President Joe Biden said Monday that the Taliban had committed to providing "safe passage" to Americans and others who were left behind and wanted to leave Afghanistan.
I want to thank our commanders and the men and women serving under them for their execution of the dangerous retrograde from Afghanistan as scheduled – in the early morning hours of August 31, Kabul time – with no further loss of American lives. The past 17 days have seen our troops execute the largest airlift in US history, evacuating over 120,000 US citizens, citizens of our allies, and Afghan allies of the United States. They have done it with unmatched courage, professionalism, and resolve. Now, our 20-year military presence in Afghanistan has ended.
Tomorrow afternoon, I will address the American people on my decision not to extend our presence in Afghanistan beyond August 31. For now, I will report that it was the unanimous recommendation of the Joint Chiefs and of all of our commanders on the ground to end our airlift mission as planned. Their view was that ending our military mission was the best way to protect the lives of our troops, and secure the prospects of civilian departures for those who want to leave Afghanistan in the weeks and months ahead.
I have asked the Secretary of State to lead the continued coordination with our international partners to ensure safe passage for any Americans, Afghan partners, and foreign nationals who want to leave Afghanistan. This will include work to build on the UN Security Council Resolution passed this afternoon that sent the clear message of what the international community expects the Taliban to deliver on moving forward, notably freedom of travel. The Taliban has made commitments on safe passage and the world will hold them to their commitments. It will include ongoing diplomacy in Afghanistan and coordination with partners in the region to reopen the airport allowing for continued departure for those who want to leave and delivery of humanitarian assistance to the people of Afghanistan.
For now, I urge all Americans to join me in grateful prayer tonight for three things. First, for our troops and diplomats who carried out this mission of mercy in Kabul and at tremendous risk with such unparalleled results: an airlift that evacuated tens of thousands more people than any imagined possible. Second, to the network of volunteers and veterans who helped identify those needing evacuation, guide them to the airport, and provide support along the way. And third, to everyone who is now – and who will – welcome our Afghan allies to their new homes around the world, and in the United States.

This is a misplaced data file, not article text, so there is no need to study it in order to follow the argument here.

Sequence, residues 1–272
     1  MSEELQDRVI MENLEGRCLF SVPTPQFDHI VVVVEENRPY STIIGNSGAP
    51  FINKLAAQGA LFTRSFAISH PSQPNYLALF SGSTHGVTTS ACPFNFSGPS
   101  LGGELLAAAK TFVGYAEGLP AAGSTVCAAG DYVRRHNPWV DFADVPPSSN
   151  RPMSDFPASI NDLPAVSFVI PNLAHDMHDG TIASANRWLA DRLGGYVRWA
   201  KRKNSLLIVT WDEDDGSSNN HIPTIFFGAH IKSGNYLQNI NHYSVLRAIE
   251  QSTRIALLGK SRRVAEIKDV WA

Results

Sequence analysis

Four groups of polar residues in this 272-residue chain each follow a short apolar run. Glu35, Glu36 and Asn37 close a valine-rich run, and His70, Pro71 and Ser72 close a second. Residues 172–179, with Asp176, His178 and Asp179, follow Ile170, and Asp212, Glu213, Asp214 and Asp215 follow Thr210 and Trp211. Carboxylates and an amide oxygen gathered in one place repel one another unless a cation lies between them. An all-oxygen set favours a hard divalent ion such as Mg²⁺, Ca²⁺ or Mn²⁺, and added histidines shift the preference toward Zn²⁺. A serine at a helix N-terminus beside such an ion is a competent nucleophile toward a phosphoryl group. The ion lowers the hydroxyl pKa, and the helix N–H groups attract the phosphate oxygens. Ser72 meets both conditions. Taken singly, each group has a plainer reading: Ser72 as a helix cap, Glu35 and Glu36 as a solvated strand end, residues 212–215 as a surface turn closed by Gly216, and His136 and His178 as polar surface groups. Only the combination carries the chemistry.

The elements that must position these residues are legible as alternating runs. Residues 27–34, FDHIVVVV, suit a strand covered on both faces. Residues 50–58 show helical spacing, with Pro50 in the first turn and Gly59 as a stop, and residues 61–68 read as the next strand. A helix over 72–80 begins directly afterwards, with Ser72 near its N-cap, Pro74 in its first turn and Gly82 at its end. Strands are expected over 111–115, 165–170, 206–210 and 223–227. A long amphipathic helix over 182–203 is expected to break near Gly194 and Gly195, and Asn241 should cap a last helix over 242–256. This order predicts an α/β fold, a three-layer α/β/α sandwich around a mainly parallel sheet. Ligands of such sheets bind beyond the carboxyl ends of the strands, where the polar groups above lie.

Finally, I want to end with a moment of gratitude for the sacrifice of the 13 service members in Afghanistan who gave their lives last week to save tens of thousands: Marine Corps Staff Sgt. Darin T. Hoover, Marine Corps Sgt. Johanny Rosariopichardo, Marine Corps Sgt. Nicole L. Gee, Marine Corps Cpl. Hunter Lopez, Marine Corps Cpl. Daegan W. Page, Marine Corps Cpl. Humberto A. Sanchez, Marine Corps Lance Cpl. David L. Espinoza, Marine Corps Lance Cpl. Jared M. Schmitz, Marine Corps Lance Cpl. Rylee J. McCollum, Marine Corps Lance Cpl. Dylan R. Merola, Marine Corps Lance Cpl. Kareem M. Nikoui, Navy Hospitalman Maxton W. Soviak and Army Staff Sgt. Ryan C. Knauss.
Details of the Americans left behind were provided earlier during a media briefing with Marine Corps Gen. Kenneth McKenzie, the head of the U.S. Central Command.
"There's a lot of heartbreak associated with this departure. We did not get out everybody we wanted to get out," McKenzie said.
He went on to say that he believed the number of Americans left behind were "in the low — very low hundreds."
"I believe that we're going to be able to get those people out," McKenzie added.
The Pentagon said that more than 122,000 people had been evacuated from Afghanistan but of those, only 5,400 were American citizens.
During a contentious exchange one week ago between White House press secretary Jen Psaki and a Fox News reporter, Psaki had bristled at the suggestion that Americans were "stranded" in Afghanistan.
"I think it's irresponsible to say Americans are stranded. They are not," Psaki snapped at reporter Peter Doocy.
"I'm just calling you out for saying we are stranding Americans in Afghanistan when I said, when we have been very clear that we are not leaving Americans who want to return home," she said at the time.
Here's more about the end of the mission in Afghanistan:
Special Report: Pentagon announces last U.S. troops have left Afghanistan www.youtube.com
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